Advocates of the ancient astronaut theory suggest that the strange figures of the Barrier Canyon style rock art depict extra-terrestrials that once visited Earth. They point to the large, hollow looking eyes and the triangular shaped heads as evidence that the figures were not human.  However, others, like researcher Polly Schaafsma (1999) say that they represent shamanistic art associated with ritual activities of the Archaic people. Ms Schaafsma points to the fact that the ‘spirit figures’ are frequently shown holding snake forms, and their torsos sometimes incorporate water/life-giving symbols. The presence of these types of relational (figure/animal) motifs is considered to be evidence that there was a shamanistic tradition alive, at least during a certain period of time, among these Western Archaic people.

9. Rare ancient rock art in Scotland may reflect rituals, territorial markings or star mapping

Scottish rock artLast year, archaeologists discovered a rare example of prehistoric rock art in the Scottish Highlands. Researchers suggested that the large boulder, which contains numerous cup and ring marks, may reflect ritual use, territorial markings, or mapping of the stars. The carvings in the large stone, which was found in Ross-shire, Scotland, are believed to date back to the Neolithic or Bronze Age, around 4,000 to 5,000 years ago.  However, precisely dating the art is difficult: even if the megalithic monument can be dated, the art may be a later addition.  John Wombell, of North of Scotland Archaeological Society (NOSAS), described the finding as “an amazing discovery”, and explained that it is one of only a few decorated stones of its kind in Scotland. Cup and ring marks are a form of prehistoric art consisting of a concave depression, no more than a few centimetres across, carved into a rock surface and often surrounded by concentric circles also etched into the stone. The decoration occurs as a petroglyph on natural boulders and outcrops, and on megaliths such as the slab cists, stone circles, and passage graves such as the clava tombs and on the capstones at Newgrange.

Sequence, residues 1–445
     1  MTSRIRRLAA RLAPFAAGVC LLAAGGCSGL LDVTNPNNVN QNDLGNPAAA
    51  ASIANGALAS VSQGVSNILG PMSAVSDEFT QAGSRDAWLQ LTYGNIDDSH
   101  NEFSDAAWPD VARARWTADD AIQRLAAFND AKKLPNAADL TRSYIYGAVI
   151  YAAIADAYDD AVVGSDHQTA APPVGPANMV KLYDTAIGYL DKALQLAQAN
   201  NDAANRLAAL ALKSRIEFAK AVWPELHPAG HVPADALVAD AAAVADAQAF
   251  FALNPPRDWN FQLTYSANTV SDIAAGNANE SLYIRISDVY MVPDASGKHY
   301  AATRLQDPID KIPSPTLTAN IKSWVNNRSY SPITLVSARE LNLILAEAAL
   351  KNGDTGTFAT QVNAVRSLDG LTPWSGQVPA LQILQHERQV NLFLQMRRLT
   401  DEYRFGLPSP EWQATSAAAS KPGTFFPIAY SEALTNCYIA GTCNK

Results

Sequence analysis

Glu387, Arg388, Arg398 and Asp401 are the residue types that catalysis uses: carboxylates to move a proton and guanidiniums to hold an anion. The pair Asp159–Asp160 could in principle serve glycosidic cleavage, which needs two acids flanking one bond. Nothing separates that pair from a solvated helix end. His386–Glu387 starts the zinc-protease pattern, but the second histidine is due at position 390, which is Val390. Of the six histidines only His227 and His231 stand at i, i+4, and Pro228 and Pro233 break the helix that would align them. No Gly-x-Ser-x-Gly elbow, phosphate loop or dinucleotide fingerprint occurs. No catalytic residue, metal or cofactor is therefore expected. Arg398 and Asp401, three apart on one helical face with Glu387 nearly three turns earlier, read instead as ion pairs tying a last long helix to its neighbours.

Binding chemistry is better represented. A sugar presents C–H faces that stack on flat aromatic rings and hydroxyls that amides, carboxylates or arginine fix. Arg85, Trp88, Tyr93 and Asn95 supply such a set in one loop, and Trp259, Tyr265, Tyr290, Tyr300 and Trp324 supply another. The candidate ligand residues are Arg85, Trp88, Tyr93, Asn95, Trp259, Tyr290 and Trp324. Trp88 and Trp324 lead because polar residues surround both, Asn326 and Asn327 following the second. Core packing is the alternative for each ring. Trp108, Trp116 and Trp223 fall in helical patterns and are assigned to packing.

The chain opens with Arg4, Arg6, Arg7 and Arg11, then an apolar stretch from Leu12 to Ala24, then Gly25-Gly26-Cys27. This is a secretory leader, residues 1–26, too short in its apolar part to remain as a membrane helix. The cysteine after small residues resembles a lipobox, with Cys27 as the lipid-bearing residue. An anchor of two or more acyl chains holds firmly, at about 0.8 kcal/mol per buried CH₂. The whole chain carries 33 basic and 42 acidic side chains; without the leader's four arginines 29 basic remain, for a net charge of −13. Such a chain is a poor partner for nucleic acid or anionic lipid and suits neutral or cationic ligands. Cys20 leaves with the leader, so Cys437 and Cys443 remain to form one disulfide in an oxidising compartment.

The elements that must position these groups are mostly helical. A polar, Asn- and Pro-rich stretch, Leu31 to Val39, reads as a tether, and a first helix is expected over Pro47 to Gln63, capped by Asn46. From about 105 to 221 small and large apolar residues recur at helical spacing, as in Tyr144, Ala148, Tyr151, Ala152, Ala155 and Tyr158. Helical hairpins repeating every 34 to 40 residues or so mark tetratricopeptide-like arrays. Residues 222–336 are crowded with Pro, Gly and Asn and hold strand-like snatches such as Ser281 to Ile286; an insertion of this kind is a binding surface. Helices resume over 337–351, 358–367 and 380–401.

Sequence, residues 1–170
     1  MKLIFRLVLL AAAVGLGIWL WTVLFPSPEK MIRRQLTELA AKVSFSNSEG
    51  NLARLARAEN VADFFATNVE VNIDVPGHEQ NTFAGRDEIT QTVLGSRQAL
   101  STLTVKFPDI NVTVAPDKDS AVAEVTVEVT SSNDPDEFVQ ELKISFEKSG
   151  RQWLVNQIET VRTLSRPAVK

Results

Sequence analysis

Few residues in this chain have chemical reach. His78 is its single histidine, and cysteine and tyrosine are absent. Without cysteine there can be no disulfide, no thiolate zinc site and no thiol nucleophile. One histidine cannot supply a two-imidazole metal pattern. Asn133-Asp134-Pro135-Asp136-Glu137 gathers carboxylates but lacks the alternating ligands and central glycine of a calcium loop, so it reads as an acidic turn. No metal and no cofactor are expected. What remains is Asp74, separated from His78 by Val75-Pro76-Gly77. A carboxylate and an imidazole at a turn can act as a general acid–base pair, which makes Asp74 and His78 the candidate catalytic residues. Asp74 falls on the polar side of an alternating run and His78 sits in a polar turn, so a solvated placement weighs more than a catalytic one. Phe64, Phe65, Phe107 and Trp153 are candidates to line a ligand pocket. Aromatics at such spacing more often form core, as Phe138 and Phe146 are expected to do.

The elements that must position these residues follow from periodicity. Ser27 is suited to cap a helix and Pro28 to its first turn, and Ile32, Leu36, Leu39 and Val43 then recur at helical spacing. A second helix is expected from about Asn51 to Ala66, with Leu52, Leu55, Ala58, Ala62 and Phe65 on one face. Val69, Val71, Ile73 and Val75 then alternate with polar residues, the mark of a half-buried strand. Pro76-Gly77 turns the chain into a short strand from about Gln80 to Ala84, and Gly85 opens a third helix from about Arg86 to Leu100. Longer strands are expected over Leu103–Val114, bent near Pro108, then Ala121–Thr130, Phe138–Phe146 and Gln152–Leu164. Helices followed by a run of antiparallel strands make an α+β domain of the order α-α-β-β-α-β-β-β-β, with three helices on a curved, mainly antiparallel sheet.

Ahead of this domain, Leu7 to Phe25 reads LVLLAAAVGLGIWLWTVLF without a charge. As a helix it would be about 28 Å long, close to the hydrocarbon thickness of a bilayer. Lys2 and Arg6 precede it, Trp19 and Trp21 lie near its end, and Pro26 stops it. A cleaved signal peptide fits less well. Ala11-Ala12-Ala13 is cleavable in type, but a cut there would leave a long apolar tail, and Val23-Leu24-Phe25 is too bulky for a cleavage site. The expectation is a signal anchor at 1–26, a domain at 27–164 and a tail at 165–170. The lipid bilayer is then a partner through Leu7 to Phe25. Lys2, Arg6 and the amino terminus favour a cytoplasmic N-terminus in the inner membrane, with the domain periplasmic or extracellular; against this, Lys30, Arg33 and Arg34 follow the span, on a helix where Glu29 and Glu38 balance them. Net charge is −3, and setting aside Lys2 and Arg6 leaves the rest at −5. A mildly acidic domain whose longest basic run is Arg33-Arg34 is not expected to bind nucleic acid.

Cup and ring marks are often found carved on standing stones and at stone circles – places thought to have been used for religious and ritual purposes in the past. Carvings often occur on outcrop rock where the site appears to have been specifically chosen so as to give uninterrupted views over the surrounding country. Others have said that they correspond to star constellations, or that they are records of land ownership or reflect boundaries.

8. Unusual pre-dynastic rock art discovered in Egypt

predynasty egypt rock artLast year, archaeologists discovered a rock panel in the Kharga Oasis about 175 kilometres west of Luxor in Egypt, which is believed to date back to the pre-dynastic era, around 4,000 BC or earlier. Egyptologist Salima Ikram claimed the rock art is a depiction of spiders, webs, and insects trapped by spiders, and this theory dominated mainstream news reporting.

However, since then, other researchers came forward with alternative explanations.  Dr Derek Cunningham, author of ‘400,000 Years of Stone Age Science’, suggested that the linear comb patterns are in fact an archaic form of astronomical writing.  He found that the angular offset of the ‘spider body’ and the many lines drawn on the panel, align with astronomical values considered central to the accurate prediction of lunar and solar eclipses.  For example, the body of the proposed spiders are rotated by 13.66 degrees from vertical, a calculation which corresponds to half a sidereal month.